Excel 97 issue
Excel 97 issue
Excel 97 issue
Excel 97 issue
Excel 97 issue
Excel 97 issue Excel 97 issue Excel 97 issue Excel 97 issue Excel 97 issue Excel 97 issue Excel 97 issue Excel 97 issue
Excel 97 issue Excel 97 issue
Excel 97 issue
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  #1  
Old 01-08-2004, 08:01 AM
tesko tesko is offline
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Default Excel 97 issue


Hello,

I've been trying so many different methods for automating Excel 97 with .NET and I keep getting the same error.

An unhandled exception of type 'System.Runtime.InteropServices.COMException' occurred in Reception.exe
Additional information: The server threw an exception.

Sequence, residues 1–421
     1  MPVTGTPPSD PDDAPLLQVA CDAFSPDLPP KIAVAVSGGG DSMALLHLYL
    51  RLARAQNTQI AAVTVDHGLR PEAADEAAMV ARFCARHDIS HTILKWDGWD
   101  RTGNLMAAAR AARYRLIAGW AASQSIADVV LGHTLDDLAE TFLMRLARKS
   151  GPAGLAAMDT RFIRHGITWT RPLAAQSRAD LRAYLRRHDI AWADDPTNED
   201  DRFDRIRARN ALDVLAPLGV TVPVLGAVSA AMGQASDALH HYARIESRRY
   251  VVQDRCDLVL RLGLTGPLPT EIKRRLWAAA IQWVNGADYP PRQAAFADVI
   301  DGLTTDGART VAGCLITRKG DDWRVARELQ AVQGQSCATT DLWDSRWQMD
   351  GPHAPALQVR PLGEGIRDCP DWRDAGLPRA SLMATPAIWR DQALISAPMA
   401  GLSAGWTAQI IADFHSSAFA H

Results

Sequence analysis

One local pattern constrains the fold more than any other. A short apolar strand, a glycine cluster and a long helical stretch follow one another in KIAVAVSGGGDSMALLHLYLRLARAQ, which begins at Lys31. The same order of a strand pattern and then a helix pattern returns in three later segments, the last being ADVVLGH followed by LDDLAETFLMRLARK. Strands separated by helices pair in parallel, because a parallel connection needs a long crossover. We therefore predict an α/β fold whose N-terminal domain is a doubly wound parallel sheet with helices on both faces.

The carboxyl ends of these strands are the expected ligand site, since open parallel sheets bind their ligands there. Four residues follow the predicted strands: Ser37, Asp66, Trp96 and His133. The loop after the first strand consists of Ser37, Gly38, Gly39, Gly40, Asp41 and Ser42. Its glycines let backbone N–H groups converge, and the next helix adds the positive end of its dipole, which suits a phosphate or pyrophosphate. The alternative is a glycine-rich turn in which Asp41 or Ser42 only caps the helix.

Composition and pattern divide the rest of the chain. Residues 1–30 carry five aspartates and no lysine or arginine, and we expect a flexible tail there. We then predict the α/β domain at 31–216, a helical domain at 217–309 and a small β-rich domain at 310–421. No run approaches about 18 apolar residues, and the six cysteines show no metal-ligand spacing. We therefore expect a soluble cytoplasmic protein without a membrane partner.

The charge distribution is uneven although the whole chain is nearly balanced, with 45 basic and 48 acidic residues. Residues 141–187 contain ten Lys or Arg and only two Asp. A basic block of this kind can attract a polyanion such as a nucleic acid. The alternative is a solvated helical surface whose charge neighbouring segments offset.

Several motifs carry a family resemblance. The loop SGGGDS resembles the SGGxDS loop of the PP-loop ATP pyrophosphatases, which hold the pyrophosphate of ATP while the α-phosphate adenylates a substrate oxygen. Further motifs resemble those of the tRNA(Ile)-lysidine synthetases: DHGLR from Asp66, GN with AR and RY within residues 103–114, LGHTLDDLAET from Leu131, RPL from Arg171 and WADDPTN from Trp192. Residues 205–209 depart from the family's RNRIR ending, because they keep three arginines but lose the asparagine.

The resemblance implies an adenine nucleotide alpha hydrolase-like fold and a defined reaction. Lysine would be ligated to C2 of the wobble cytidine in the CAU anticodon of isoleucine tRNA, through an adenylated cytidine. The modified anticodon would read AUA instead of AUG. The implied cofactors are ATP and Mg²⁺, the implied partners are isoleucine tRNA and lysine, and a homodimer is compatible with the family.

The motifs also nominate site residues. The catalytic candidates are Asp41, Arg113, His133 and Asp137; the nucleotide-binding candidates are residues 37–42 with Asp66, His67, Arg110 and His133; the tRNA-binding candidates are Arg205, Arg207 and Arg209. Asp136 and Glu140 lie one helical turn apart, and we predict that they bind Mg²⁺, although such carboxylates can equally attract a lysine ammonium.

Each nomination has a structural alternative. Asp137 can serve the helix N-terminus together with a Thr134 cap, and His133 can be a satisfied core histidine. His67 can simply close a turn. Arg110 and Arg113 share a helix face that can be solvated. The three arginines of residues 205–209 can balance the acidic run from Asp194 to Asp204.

This only happens with Excel 97, not Word 97. Here is the latest code I've tried (taken from lesson 2 of this forum).

Dim oExcel As Excel.Application
Dim oWorkbooks As Excel.Workbooks
Dim oSheets As Excel.Sheets
Dim oWB As Excel.Workbook
Dim oWS As Excel.Worksheet
Dim oRng1, oRng2 As Excel.Range

oExcel = New Excel.Application
oExcel.Visible = True

I've also tried using Excel.ApplicationClass instead, and I've tried using
the CreateObject function. Excel DOES become visible, but the exception is still thrown.

Any other suggestions would be appreciated.
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  #2  
Old 01-08-2004, 08:21 AM
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Mike Rosenblum Mike Rosenblum is offline
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Your code is 100% fine. That's the bad news.

That's bad, because it doesn't give us any room to manouver.

Excel '97 is a quirky platform to deal with even in VB 6.0 or using VBA. There are just a number of bugs/quirks in XL 8.0 that can make it difficult to use. I try to avoid it like the plague, but those that are experienced with it get used to it and sometimes enjoy knowing all it's complexities...